In 1914, forty-one original members came together to begin building the framework of the entity that became Parkland Light & Water Co. It had been only 25 years since Washington became the 42nd state in the union. What was to become the service territory for PL&WCo was mostly farmland surrounding what was then the Pacific Lutheran Academy/College. As the area began to grow from the original wilderness to the urban area we have today—and as Pacific Lutheran Academy with 33 students grew into a college and then a university with 3,500 students—so, too, did PL&WCo grow along with them.
By the early 1920s, membership in PL&WCo had grown to about 100. As waves of immigrants moved into the area, businesses and development followed. By the early 1930s, membership had grown to more than 300.
In the 1930s, technology and experience began to change how the mutual built its infrastructure. The original standard-use wooden water mains changed to cast-iron pipe, which was buried at a depth of three feet—the standard depth today. Electric standards also changed. Original connections to the mutual electric system had been at the 120-volt level for lighting and a separate 240-v connection for power. This gave rise to the phrase “Light and Power” company. The 1930s also saw the rise of free community benefits to the membership in the form of fire hydrants and street lighting paid for by PL&WCo.
During the late 1940s and throughout the 1950s, the Parkland community followed a changing and uneven growth pattern. Growth came about with the help of Pacific Lutheran College, military families, and small business establishments. Unevenness of growth was a result of the population’s quick rise in the late 1940s through the mid-1950s. Through the late 1950s, the growth gave way to a more settled period as far as influx of new residents. Businesses in the community enjoyed their golden age through the mid-1950s, but a gradual decline began in the late 1950s as the nature of the customers changed. Parkland Light & Water Co. continued to build its infrastructure throughout this period to meet rapid growth and plan for future growth.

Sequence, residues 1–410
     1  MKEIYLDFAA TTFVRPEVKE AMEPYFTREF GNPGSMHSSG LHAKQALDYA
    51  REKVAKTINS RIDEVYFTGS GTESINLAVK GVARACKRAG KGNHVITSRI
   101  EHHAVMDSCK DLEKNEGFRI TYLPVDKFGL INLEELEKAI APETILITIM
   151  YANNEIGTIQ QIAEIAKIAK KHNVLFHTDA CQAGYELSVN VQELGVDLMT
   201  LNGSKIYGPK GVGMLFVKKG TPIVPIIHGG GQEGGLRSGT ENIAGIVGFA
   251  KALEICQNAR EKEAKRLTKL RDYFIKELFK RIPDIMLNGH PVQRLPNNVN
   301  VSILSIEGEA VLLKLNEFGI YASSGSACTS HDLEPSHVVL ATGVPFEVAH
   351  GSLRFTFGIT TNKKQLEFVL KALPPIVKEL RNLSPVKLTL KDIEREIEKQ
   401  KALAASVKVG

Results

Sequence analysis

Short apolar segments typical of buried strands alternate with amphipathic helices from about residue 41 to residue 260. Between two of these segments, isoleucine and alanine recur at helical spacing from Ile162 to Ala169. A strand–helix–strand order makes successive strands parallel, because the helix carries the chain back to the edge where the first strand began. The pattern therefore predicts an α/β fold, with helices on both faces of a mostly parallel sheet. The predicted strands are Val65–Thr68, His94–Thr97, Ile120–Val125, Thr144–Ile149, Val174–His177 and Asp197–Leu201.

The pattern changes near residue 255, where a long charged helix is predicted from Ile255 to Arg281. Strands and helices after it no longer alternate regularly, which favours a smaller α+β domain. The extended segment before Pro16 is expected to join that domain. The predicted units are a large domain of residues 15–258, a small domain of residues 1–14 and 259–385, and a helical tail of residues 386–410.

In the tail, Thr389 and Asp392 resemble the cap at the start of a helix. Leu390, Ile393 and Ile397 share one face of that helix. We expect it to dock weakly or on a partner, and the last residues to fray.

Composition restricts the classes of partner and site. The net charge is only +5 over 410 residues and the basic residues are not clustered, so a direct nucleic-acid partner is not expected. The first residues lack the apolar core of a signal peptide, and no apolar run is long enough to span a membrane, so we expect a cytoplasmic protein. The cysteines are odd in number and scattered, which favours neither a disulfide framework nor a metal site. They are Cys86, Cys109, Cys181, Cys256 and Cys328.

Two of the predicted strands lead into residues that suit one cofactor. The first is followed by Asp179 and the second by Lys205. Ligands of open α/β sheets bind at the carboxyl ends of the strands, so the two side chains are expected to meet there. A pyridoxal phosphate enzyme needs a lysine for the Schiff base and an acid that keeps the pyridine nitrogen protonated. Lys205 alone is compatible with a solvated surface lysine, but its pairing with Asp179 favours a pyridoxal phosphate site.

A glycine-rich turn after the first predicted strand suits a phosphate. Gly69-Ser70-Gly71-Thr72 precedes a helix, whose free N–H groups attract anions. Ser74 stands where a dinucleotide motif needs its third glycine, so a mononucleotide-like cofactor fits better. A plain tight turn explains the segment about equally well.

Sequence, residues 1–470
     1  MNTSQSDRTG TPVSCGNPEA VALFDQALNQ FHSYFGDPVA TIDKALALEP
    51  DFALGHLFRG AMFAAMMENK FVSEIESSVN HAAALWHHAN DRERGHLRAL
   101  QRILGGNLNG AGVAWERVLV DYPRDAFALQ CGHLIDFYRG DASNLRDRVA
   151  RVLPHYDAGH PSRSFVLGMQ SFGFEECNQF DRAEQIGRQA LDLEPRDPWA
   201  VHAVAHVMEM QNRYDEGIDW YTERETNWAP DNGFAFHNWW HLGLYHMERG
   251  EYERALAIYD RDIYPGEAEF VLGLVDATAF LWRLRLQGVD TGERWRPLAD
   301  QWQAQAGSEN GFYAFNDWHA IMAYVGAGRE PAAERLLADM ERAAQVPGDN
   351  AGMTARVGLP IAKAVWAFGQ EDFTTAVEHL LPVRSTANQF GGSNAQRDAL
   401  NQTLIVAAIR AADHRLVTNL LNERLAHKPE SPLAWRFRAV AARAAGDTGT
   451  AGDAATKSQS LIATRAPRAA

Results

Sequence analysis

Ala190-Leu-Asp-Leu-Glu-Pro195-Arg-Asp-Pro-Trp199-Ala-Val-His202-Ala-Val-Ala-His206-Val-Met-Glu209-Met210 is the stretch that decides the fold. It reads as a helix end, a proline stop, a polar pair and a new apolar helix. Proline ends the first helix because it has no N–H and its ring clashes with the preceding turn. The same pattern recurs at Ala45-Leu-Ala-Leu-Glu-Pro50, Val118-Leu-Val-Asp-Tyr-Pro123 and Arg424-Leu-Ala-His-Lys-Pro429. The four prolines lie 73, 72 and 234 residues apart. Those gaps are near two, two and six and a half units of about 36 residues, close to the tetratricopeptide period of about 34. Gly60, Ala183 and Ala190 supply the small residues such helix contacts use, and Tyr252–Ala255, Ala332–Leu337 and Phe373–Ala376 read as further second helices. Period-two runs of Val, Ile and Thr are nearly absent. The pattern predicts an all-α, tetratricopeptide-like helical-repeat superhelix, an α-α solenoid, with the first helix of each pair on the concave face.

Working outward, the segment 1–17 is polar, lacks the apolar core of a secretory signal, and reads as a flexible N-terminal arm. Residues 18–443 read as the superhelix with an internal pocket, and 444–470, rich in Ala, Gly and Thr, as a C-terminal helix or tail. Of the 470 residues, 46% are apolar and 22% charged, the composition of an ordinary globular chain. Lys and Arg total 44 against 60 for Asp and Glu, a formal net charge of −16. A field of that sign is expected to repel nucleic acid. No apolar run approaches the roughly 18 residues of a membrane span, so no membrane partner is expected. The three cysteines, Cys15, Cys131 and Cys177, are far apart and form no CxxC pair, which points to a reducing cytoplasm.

As Parkland Light & Water entered the 1960s, the company that started 50 years earlier began to create electric growth by encouraging developers to construct buildings that used electric heating. PLW&Co encouraged new construction to build all electric homes and businesses by offering rebates for such construction. New businesses were offered these incentives to use electricity as their main heating source. The new Washington High School also was offered the rebate. Pacific Lutheran University, which doubled its physical facilities with the addition of 11 major buildings between 1963 and 1971, was another target for rebates.
In the 1970s, Parkland Light & Water Co. grew to more than 3,000 power customers and 4,000 water customers and employed 17 people. All new power installations were scheduled to be placed underground, and the program began placing the entire electric system underground during a 20-year period. It actually took 30 years, but the 1970s saw the start.
As the cooperative moved into the 21st century, the board and general manager strategically positioned the mutual to meet the regulatory, political and environmental challenges ahead in the 2000s.
Today, PL&WCo purchases 100% of its power from the Bonneville Power Administration (BPA). BPA is a Federal Agency created in 1937 to sell power generated by dams on the Columbia River system. It provides some of the lowest cost power available in the country. PL&WCo owns one substation and part of a second substation is shared with Elmhurst Mutual Power and Light, a neighboring mutual electric utility. The power purchased from BPA is distributed from the substations through the electric distribution wires owned and maintained by PL&WCo. Water for PL&WCo is pumped from 12 wells, all owned and operated by the company. Five water storage tanks hold over five million gallons of water for fire and peak water demand.
PL&WCo has 31 employees who work to serve 4,684 households/businesses with electricity and 11,704 households and businesses with water. This translates to 113 million kilowatt-hours of electricity and one billion gallons of water delivered annually.
The administration of your mutual cooperative continues to build on the 100-year foundation of “Owned by Those We Serve.” The mission of the Parkland Light & Water Co.—a member owned nonprofit mutual corporation—is to provide reliable and efficient service at the lowest cost, commensurate with sound financial and management principles, and to adhere to the articles of incorporation and the bylaws of our mutual corporation.